Terrestrial slugs serve an important role in nature by devouring dead and rotting plant material. The varieties that ingest living plants, particularly the ones eating your tomatoes and flowers in the garden, can eat plants faster than they can grow. The destruction of your lawn and garden by these slimy pests can be stopped quickly and effectively with a treatment of an iron phosphate based slug killer.
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Iron Phosphate vs Metaldehyde
The development of iron phosphate as a slug bait and killer has successfully replaced the highly toxic slug pesticide "metaldehyde." Iron phosphate is naturally found in many soil compounds, and is nontoxic to animals excluding mollusks, such as snails and slugs. Iron phosphate is commonly used as a molluscicide for organic crops.
Iron Phosphate Pellets
Covered in a cereal or wheat-based coating, iron phosphate pellets often look similar to grains of rice. Food-based iron phosphate lures slugs out of hiding under leaf litter and underground to eat the granules.
How Iron Phosphate Kills
When eaten, the iron phosphate obstructs the slug's natural calcium metabolism making the slug unwilling to eat. Slugs that eat the bait die of starvation within three to six days of ingestion.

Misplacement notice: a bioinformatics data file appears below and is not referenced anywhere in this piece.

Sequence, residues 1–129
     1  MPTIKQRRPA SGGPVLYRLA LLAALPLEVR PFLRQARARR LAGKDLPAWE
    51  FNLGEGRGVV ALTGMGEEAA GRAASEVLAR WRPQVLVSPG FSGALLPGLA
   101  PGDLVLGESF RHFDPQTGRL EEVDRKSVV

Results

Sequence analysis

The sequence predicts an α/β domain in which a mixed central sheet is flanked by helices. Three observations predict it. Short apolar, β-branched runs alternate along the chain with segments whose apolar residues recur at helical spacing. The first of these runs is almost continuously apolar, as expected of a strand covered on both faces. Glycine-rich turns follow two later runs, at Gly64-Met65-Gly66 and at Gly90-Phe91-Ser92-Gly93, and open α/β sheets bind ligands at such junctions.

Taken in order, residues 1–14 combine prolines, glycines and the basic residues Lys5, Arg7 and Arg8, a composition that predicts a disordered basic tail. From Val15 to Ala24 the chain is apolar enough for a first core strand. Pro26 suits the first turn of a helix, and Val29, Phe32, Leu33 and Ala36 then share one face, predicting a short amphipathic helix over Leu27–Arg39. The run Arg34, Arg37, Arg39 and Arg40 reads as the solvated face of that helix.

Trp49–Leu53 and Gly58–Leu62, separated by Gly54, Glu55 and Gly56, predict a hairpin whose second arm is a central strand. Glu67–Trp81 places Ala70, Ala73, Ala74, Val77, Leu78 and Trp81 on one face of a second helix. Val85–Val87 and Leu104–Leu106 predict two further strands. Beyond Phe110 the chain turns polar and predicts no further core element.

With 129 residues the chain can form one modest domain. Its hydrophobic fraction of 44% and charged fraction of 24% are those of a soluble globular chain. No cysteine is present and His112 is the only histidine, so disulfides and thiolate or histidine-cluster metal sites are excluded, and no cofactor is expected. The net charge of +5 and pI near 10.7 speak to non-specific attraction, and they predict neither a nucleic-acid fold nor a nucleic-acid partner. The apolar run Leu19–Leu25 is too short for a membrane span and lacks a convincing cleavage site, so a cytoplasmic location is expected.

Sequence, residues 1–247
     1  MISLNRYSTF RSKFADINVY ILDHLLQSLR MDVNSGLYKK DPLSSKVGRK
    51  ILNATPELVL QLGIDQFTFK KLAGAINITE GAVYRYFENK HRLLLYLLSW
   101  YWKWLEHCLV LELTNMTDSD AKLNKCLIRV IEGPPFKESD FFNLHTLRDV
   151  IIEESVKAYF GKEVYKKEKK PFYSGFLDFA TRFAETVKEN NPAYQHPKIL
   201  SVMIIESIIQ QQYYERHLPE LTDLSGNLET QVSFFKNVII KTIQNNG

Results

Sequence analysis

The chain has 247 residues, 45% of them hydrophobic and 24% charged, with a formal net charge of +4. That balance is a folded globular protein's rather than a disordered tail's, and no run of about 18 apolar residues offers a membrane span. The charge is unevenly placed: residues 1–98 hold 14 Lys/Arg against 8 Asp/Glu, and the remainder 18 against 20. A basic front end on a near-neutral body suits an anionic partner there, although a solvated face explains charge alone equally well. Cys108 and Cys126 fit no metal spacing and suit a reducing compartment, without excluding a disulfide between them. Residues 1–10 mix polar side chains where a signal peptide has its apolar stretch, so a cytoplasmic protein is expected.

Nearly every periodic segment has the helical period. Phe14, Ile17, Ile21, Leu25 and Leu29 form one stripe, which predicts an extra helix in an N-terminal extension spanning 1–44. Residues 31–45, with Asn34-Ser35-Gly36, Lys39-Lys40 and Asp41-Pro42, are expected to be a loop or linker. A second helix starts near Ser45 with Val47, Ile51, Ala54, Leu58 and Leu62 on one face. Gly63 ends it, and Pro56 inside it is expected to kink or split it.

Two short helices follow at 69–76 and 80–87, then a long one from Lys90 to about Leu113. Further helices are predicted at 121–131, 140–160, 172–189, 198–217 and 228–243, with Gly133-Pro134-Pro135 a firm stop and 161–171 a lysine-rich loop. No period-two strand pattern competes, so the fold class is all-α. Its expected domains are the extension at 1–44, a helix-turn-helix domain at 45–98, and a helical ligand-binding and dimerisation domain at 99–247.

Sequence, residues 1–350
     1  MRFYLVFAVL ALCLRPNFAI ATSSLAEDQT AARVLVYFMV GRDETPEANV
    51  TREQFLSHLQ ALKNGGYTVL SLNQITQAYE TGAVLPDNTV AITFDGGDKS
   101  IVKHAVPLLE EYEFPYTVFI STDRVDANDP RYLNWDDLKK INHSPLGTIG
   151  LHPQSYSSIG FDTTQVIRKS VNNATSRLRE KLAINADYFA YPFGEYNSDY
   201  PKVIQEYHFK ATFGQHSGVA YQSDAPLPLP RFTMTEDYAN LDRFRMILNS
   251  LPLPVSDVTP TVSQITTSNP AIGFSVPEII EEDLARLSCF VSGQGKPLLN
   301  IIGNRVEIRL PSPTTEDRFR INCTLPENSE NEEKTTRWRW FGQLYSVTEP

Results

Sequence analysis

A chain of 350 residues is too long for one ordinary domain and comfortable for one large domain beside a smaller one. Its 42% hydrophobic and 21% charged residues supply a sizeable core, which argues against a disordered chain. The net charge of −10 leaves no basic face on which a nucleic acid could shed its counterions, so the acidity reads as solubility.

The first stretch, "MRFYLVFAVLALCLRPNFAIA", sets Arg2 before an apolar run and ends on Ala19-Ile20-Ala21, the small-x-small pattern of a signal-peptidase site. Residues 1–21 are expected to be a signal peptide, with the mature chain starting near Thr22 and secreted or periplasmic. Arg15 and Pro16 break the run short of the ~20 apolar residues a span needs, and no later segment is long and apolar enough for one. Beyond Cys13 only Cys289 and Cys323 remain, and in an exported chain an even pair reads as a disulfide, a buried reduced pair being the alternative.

How to Treat Your Garden
Iron phosphate pellets should be applied after a rain shower because slugs will be most active. Watering your garden also activates slugs. Soggy and dewy mornings are an effective time to set bait. Remove plant debris and leaves from your garden, as slugs enjoy dark damp piles of plant matter to hide in during the day. Be sure to read the iron sulphate bait directions carefully to be safe.
Other Methods vs. Iron Phosphate
Other tactics of slug removal are varied, and have a much lower success rate when compared to the organic and nontoxic solution of iron phosphate. Salting a slug is a messy process that many consider to be cruel and may harm the soil's fertility levels. Leaving beer out for slugs attracts them in a similar way to cereal based iron phosphate. The intention is to drown slugs in the container once they drink enough to become inebriated; however, the effectiveness is small scale and many times slugs simply crawl away safely in a drunken trance. Alternative molluscicides may contain toxic chemicals that are unsafe for edible plants, pets and wild animals.
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